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WüRZBURG, Germany — Grieving for a soldier cousin killed in the war and saddled with a no-show sergeant, Pfc. Garlena Tavai-Fiotoa flooded her sadness with half a fifth of contraband vodka one day in Mosul, Iraq.

Caught drunk and disgraced, Tavai-Fiotoa retreated the next day — Sept. 21, 2004 — to her room. She sat on her cot, slipped a magazine into her M-16 rifle, pointed the muzzle at her heart, and pulled the trigger. The first shot misfired, but the second one blew a hole in her chest. When soldiers pounded on her door, she staggered, bleeding, to answer, and she was rushed to the emergency room.

“I was surprised I was still alive,” Tavai-Fiotoa, a motor pool mechanic with the 67th Combat Support Hospital, said Thursday at her court-martial in Würzburg.

Tavai-Fiotoa, 21, pleaded guilty to charges of inflicting injury upon herself and drinking while in Iraq, and to charges of possessing marijuana and Ecstasy pills while home in Germany. The military judge, Col. R. Peter Masterton, sentenced her to two months in prison, forfeiture of $1,646 in pay, reduction to E-1 and a bad-conduct discharge.

Tavai-Fiotoa said she quit college for the Army after her freshman year because of the example of her orphaned cousin, Pfc. Sheldon Hawk Eagle, 21, who had been like a brother to her while they grew up.

Then he died in a helicopter crash in Mosul in November 2003. While home for his funeral, it haunted her to learn she would deploy with her unit to Mosul in two months. Her command denied her request to be assigned elsewhere, according to her attorneys.

“She wasn’t personally, psychologically, emotionally prepared to go downrange,” said Sgt. Thomas Reed, her supervisor before and after the deployment. “If it was my call, she wouldn’t have deployed with us.”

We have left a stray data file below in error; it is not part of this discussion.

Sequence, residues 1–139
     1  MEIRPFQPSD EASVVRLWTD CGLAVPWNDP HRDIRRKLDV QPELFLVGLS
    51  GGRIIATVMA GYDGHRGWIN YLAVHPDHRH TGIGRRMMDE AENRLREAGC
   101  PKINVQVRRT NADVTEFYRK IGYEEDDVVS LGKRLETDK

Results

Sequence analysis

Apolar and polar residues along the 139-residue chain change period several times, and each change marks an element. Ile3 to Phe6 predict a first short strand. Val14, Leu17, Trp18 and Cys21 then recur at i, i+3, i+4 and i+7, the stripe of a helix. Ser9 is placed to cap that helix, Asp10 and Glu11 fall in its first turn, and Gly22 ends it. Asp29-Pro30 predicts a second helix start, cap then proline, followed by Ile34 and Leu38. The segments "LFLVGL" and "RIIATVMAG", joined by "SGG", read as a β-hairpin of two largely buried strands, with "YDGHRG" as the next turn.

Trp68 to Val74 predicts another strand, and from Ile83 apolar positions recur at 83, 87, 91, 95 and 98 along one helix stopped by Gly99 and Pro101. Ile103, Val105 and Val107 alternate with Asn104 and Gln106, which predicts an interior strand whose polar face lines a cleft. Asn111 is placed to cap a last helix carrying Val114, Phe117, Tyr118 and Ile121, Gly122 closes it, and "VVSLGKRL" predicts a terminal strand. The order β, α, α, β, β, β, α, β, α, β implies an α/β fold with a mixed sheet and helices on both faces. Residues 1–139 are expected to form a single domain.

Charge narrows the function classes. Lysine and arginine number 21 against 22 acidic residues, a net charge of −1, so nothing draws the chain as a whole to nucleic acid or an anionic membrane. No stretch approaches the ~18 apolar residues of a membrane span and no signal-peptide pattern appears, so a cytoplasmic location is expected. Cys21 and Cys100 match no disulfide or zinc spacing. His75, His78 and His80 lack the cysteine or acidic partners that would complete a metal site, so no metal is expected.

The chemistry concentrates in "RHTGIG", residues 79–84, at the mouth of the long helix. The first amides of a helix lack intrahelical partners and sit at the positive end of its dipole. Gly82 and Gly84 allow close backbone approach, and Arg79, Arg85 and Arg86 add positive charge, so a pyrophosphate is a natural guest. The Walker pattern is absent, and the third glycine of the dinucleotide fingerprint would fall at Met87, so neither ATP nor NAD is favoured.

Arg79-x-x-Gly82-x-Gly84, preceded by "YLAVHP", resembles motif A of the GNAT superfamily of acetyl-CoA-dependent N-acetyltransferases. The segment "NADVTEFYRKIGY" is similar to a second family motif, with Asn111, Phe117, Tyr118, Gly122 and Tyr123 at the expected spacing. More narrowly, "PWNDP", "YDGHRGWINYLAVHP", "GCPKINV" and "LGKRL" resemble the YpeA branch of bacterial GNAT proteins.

Her job was to maintain the generators that powered Forward Operating Base Diamondback’s hospital complex. Her understaffed unit of four soldiers suffered under a sergeant described by witnesses as “incompetent” and “klutzy” whose absences left her section in “disarray.” Sgt. Mark Wheeler, a shop foreman in Mosul, estimated Tavai-Fiotoa handled 80 percent of the workload herself before she broke down under the pressure in September.

“I just couldn’t handle life anymore,” Tavai-Fiotoa said.

She spent a month in hospitals before rejoining her unit in Germany, hoping to redeem herself and stay in the Army. She was among the unit’s top performers, several sergeants testified.

But after learning in May that her command had decided to separate her from the Army, she and another soldier traveled to Amsterdam for Memorial Day weekend. They bought marijuana and Ecstasy and stashed both in her gym bag. On the way home, German border police found the drugs and arrested them.

Tavai-Fiotoa’s co-counsel, Capt. Jennifer Bottoms, asked the judge to let her stay in the Army with no further punishment.

“These are the signs of a soldier who needs mental health care, not prison,” she said. “Her command let her down.”

But the prosecutor, Capt. Bradford Glendening, argued Tavai-Fiotoa can’t be trusted.

“When you’re dealing with jobs that are life or death,” he said, “you can’t screw around.”

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